Fair employment news and resources

The National Employment Law Project (NELP) recently published its November 2016 On the Record: Fair Employment newsletter which provides links and information on a number of interesting developments related to collateral consequences and criminal record mitigation.  The full newsletter is available below:


National Employment Law Project

On the Record: Fair Employment Newsletter

November 2016


Employment Opportunities for Justice-Involved Youth 

In a new report, NELP explores model youth employment programs and takes a careful look at existing programs for vulnerable youth, including justice-involved and foster care youth.


Unfair Barriers to Licensing and How to Address Them 

NELP’s new piece in Democracy Journal highlights occupational licensing barriers for people with records and suggests policy solutions. (For more information, check out NELP’s report, “Unlicensed & Untapped.”)

Additional Evidence that Ban-the-Box Works

New numbers from Richmond, Virginia reveal that approximately one in four applicants deemed eligible for hire has had a record—and most end up getting a job.

New Cities Adopt Fair-Chance Policies

North Las Vegas adopted a policy, Tempe, Arizona delayed conviction inquiries via changes to the city personnel rules, and Milwaukee did so by ordinance.


New EEOC Strategic Enforcement Plan for 2017 to 2021

In its updated, 5-year strategic enforcement plan, the EEOC stresses eliminating barriers in employer recruitment and hiring.

How to Advance Diversity in Law Enforcement

A new report from the EEOC and DOJ reiterates the importance of increasing diversity in law enforcement and suggests reforms to help achieve that goal, including through more individualized consideration of any arrest or conviction history or past drug use.

DOJ Says Landlords Must Carefully Tailor Background Check Policies

The Justice Department filed a statement of interest in an E.D.N.Y. case, arguing that when a housing provider considers conviction records of prospective tenants, the Fair Housing Act requires it take care not to disproportionately disqualify people of color.


California Commission Report on Easing Barriers to Occupational Licensing

The Little Hoover Commission issued a new report, recommending reforms to California occupational licensing laws and regulations, including eliminating self-reporting of records and increased transparency regarding how licensing boards evaluate records and candidates.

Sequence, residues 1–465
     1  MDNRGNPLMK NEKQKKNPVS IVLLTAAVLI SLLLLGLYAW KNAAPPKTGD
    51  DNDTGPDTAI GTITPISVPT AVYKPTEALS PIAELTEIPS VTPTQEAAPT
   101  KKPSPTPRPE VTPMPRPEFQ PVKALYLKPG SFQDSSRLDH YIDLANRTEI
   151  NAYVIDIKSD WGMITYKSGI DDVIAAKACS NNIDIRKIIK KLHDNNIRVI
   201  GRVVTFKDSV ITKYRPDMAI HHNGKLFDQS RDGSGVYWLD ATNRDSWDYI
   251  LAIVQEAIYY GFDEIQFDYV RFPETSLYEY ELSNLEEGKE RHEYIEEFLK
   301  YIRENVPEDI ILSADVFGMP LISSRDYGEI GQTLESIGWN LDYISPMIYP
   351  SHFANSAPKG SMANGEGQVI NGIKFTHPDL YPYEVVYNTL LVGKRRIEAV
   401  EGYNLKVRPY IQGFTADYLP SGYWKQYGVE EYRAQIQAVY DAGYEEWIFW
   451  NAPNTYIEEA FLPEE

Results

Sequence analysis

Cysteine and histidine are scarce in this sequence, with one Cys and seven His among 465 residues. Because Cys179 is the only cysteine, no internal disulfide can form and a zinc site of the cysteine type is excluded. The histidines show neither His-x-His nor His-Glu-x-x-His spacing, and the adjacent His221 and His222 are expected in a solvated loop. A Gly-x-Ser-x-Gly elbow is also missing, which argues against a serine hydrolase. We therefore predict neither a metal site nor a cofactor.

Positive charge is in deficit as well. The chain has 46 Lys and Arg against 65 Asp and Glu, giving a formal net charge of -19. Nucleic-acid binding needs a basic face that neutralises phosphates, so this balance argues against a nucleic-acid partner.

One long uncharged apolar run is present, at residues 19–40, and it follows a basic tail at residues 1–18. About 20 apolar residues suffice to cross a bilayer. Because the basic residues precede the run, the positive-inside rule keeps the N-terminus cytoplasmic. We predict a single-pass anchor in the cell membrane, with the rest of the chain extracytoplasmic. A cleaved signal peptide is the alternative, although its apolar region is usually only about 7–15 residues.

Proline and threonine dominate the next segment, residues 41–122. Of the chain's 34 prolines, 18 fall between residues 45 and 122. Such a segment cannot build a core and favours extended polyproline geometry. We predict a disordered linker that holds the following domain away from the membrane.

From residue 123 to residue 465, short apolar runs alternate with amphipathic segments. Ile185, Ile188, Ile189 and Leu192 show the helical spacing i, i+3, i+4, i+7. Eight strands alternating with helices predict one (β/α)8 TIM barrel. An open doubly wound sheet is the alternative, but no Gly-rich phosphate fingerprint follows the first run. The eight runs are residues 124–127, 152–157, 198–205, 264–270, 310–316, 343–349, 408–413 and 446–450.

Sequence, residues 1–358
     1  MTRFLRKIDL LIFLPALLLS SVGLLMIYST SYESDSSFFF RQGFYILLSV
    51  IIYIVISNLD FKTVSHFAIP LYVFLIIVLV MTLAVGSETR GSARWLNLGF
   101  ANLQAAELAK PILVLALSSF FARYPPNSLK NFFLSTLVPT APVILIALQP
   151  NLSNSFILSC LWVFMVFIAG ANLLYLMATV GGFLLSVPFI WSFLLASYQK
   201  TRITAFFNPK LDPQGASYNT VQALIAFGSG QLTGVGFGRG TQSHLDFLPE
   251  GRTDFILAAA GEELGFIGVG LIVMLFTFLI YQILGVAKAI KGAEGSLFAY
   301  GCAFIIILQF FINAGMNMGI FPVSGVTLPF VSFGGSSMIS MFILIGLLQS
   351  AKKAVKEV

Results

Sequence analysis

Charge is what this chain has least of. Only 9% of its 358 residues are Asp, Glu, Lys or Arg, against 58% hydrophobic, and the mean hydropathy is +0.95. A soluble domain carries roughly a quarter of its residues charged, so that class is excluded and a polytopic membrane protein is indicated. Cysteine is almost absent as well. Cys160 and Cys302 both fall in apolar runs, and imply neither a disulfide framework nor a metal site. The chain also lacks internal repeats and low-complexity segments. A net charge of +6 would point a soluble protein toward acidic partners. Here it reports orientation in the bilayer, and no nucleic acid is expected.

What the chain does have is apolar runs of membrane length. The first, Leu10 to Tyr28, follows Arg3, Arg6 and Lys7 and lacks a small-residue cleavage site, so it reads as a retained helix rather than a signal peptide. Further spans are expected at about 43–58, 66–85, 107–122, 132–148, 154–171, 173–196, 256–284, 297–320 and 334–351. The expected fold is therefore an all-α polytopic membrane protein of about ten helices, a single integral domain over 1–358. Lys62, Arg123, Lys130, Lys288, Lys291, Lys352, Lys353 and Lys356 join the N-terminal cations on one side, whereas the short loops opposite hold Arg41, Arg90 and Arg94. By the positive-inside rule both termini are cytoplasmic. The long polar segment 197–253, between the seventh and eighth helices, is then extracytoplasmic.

Criminal Justice Issues on State Ballots this November

Voters in various states have the opportunity to vote on important issues including the death penalty, sentencing for nonviolent offenders, bail reform, victims’ rights, and drug possession as a felony.


Potential Criminal Justice Policy Solutions and How to Talk About Them

A new report from the Opportunity Agenda, “Transforming the System,” suggests how advocates might most effectively talk about policy reforms to address the broken U.S. criminal justice system.

Confronting Criminal Justice Debt via Litigation and Policy Reform

New guides suggest how to leverage litigation and policy reform efforts to address fines and fees imposed by the criminal justice system and their disproportionate impact on people of color.


New Documentary Examines the Thirteenth Amendment and Mass Incarceration

In her new documentary 13th, director Ava DuVernay takes a hard look at the Thirteenth Amendment and how racism and forms of modern-day slavery persist in the United States.

Halloween is Behind Us, But a Record Can Haunt You Indefinitely

Check out this short quiz from the Marshall Project as a way to spread knowledge about the pervasiveness and longevity of collateral consequences.